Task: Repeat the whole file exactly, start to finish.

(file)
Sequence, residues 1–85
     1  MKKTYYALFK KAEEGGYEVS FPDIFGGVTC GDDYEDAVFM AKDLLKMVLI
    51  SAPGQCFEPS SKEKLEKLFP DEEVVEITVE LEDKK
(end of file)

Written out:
Sequence, residues 1–85
     1  MKKTYYALFK KAEEGGYEVS FPDIFGGVTC GDDYEDAVFM AKDLLKMVLI
    51  SAPGQCFEPS SKEKLEKLFP DEEVVEITVE LEDKK